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2017/12/29 19:05:00
James

Olive Oil

This article was written by Big Les & was originally published in The MuscleTalker May 2011 edition
 
Olive oil extraction goes back over 5000 years to 2600-2240 BC, which is a long time, as with pretty much every food that has enjoyed centuries of consumption, olives and olive oil is a food packed with nutritional goodness.

Consumption of olive oil has spread massively from the Mediterranean, which still leads the world in consumption per head, to be a worldwide habit, and with increasing interest in health and longevity olive oil consumption has continued to rise.

Olive oil has a reputation as a good health oil, so let's look a little more closely. Chemically speaking olive oil is triacylglycerols, free fatty acids, glycerol, phosphatides, pigments, sterols and bits of olive (and sometimes olive leaf). The main triacyglycerol is oleic acid, a monosaturated omega-9 fatty acid, 55-83% of the total, linoleic acid, a polyunsaturated omega-6 fatty acid, which is 3.5-21%, palmitic acid, a saturated fatty acid, 7.5-20%, stearic acid, a saturated fatty acid, 0.5-5%, alpha-linolenic acid, a polyunsaturated omega-3 fatty acid for 0-1.5% of the olive oil. Olive oil has no trans fatty acids present, and to be classified as olive oil by the International Olive Oil Council, the linolenic acid content has to be lower than 0.9% of the total.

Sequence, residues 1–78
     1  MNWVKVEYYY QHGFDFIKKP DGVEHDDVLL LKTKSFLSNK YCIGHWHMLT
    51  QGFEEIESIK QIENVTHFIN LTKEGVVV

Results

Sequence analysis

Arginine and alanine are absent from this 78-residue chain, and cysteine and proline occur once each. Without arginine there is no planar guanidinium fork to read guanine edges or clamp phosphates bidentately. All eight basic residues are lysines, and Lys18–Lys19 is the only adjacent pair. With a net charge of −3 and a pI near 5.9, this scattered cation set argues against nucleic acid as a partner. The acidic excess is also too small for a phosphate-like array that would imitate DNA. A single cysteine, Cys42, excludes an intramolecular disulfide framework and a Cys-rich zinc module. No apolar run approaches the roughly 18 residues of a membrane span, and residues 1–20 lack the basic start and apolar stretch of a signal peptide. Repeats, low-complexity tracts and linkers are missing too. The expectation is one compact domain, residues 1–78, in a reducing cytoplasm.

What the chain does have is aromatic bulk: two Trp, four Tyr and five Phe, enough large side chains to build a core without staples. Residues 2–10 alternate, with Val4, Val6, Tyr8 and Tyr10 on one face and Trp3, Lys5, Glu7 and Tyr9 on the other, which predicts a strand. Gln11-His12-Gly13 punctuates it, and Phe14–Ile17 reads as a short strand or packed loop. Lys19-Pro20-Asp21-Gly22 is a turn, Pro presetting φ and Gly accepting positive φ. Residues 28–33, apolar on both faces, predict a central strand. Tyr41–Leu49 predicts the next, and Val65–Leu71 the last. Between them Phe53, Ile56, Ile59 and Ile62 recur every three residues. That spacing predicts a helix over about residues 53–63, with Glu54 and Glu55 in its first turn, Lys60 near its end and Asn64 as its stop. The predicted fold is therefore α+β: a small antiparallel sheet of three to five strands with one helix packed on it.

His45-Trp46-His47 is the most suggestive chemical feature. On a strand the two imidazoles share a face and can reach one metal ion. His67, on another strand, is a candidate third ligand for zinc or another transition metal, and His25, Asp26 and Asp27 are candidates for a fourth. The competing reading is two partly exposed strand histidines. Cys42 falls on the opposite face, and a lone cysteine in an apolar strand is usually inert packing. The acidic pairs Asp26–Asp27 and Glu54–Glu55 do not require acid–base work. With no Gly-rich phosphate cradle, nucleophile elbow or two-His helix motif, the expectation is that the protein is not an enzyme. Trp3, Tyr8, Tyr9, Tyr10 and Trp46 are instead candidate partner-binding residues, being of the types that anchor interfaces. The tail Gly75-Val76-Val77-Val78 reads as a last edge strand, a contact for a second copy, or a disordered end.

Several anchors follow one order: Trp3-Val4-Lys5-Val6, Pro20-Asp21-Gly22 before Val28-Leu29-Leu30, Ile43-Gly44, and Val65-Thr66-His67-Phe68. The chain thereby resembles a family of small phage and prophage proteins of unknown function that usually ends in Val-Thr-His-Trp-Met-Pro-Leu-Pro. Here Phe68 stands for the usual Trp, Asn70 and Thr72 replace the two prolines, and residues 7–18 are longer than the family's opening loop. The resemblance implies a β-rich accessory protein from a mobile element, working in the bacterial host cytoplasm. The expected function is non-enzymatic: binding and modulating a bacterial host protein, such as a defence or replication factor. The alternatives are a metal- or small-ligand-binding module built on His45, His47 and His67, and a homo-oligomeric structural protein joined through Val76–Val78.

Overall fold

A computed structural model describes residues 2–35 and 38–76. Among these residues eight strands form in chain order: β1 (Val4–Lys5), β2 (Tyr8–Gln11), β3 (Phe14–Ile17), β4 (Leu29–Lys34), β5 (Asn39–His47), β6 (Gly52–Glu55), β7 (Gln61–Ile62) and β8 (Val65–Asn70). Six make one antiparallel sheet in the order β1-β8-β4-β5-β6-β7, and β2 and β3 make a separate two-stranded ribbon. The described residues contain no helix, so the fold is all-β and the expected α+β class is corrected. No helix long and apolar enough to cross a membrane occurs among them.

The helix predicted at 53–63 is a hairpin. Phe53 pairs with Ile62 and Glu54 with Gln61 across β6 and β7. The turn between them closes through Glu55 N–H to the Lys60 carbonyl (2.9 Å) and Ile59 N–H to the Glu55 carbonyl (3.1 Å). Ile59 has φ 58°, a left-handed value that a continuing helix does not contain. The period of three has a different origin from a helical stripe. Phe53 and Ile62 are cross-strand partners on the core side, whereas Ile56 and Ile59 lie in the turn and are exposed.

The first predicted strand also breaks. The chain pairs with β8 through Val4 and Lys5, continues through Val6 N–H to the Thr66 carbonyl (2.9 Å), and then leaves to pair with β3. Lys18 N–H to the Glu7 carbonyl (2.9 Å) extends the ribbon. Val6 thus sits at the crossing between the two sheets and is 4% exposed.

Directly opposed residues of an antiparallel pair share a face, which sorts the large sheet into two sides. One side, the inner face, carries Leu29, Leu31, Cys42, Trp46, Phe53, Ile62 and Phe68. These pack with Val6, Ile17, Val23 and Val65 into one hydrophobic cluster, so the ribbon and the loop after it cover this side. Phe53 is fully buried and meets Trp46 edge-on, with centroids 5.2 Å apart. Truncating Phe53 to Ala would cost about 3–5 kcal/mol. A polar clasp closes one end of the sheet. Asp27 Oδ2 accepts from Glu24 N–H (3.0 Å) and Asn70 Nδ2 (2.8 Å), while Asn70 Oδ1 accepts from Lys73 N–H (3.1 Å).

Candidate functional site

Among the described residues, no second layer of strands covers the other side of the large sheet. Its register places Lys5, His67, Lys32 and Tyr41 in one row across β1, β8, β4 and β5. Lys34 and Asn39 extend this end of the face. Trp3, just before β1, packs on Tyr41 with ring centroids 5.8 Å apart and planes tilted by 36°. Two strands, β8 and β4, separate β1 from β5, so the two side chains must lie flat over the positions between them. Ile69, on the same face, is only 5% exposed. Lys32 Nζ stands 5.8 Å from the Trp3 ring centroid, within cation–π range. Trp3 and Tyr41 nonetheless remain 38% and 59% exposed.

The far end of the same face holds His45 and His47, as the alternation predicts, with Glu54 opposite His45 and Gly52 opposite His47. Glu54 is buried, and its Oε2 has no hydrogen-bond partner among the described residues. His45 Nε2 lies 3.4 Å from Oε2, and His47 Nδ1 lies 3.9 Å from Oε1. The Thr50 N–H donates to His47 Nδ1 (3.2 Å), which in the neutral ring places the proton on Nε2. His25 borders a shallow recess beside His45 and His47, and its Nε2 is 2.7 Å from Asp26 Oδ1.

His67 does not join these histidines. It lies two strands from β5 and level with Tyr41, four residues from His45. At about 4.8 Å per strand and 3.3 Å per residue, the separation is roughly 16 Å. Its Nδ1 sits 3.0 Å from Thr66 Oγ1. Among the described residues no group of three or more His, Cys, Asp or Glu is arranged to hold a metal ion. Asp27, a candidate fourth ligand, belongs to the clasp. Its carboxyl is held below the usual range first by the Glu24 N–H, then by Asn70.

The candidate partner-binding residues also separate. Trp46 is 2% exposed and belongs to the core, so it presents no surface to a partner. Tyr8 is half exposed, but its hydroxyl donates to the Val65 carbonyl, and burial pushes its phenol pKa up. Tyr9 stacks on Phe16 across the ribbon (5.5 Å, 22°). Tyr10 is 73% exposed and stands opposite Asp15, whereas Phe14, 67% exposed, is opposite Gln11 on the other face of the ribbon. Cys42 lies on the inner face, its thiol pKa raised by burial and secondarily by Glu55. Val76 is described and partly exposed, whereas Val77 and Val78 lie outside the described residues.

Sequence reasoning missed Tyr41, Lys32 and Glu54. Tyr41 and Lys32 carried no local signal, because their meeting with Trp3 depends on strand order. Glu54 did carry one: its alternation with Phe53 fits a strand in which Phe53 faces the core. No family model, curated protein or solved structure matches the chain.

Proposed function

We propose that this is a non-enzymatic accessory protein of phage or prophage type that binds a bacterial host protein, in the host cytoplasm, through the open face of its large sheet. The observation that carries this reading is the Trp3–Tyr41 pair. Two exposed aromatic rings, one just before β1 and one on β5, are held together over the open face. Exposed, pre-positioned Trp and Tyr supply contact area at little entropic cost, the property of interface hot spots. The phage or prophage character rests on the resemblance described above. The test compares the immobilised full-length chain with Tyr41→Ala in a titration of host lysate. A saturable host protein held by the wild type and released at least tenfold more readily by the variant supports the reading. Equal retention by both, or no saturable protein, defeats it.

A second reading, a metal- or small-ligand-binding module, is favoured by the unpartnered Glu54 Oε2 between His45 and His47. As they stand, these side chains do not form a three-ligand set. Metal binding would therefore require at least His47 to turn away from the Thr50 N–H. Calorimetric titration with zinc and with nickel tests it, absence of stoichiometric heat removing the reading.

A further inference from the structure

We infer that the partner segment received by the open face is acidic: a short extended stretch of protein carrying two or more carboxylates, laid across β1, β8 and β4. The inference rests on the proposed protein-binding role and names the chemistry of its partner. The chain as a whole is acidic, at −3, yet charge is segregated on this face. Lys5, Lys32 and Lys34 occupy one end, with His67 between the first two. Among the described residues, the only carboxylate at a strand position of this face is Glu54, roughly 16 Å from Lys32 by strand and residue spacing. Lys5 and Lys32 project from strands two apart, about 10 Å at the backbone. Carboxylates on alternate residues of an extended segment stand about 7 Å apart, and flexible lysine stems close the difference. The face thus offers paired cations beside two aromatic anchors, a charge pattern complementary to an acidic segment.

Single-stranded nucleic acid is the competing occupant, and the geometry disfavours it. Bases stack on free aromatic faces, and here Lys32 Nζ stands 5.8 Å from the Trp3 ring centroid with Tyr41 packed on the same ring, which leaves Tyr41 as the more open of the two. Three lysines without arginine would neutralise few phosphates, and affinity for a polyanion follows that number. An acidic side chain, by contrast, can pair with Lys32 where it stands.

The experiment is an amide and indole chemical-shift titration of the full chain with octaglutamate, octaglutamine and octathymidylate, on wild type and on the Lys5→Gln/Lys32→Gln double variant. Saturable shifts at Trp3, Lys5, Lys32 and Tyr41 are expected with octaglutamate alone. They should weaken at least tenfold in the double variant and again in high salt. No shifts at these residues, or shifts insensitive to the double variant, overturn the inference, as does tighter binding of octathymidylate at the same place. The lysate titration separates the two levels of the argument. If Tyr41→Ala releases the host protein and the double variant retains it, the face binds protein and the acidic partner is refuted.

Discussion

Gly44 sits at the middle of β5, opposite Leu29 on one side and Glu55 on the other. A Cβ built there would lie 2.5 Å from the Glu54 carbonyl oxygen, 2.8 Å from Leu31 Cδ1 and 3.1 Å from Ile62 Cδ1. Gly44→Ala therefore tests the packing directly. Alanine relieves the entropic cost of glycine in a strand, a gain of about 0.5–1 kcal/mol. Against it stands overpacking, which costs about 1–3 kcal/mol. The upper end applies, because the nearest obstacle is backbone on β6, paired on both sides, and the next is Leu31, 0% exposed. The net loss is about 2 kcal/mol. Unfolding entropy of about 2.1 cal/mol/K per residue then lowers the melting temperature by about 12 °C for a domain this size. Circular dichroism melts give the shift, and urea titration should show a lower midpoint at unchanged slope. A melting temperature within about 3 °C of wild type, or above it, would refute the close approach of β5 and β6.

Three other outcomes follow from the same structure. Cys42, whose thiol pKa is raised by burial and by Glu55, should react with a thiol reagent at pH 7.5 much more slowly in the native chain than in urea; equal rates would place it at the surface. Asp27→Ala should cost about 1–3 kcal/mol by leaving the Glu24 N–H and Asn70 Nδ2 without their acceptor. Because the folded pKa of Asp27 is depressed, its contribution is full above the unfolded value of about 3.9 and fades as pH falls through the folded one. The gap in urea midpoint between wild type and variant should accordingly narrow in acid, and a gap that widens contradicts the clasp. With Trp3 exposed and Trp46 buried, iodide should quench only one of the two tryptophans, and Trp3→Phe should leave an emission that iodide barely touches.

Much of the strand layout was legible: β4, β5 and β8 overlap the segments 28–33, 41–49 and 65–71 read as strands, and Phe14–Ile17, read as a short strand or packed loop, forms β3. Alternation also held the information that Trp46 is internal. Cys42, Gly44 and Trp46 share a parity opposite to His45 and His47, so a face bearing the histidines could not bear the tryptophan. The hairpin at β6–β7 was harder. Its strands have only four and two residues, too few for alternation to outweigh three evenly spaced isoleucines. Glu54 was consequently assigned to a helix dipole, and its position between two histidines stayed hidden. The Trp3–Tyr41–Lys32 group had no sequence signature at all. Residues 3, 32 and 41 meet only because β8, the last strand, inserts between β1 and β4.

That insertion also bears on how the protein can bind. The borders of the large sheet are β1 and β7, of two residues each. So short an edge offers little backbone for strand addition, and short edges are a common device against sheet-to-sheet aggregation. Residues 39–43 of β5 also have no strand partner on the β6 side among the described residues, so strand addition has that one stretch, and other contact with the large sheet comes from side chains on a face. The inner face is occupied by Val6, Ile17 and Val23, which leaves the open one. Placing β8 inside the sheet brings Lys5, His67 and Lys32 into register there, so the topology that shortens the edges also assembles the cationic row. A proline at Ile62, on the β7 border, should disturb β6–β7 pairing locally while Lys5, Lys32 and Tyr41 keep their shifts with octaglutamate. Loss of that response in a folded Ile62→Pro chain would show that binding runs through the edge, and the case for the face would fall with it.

When talking about the health benefits of olive oil a lot of focus has been on the presence of omega-6 and omega-9 fatty acids. However, the benefits of olive oil run deeper than just its favorable fatty acid profile. Olive oil is also a rich source of polyphenols: up to 5mg per 10g grams, where many other nut and seed oils contain no polyphenols. Our understanding of the health benefits of polyphenols is still in its infancy, but we know these compounds when consumed as food bring many health benefits, from lowering the risk of heart disease cancers to healthy skin and eyes. The main phenol compounds in olive oil are hydroxytyrosol and tryrosol.

The colour of olive oil comes from pigments such as chlorophyll, pheophytin and various carotenoids. And we know that carotenoids act as antioxidants, an arsenal that is added to by vitamin E. Olive oil is also a rich source of vitamin K, found in green leafy veggies and essential for healthy blood coagulation.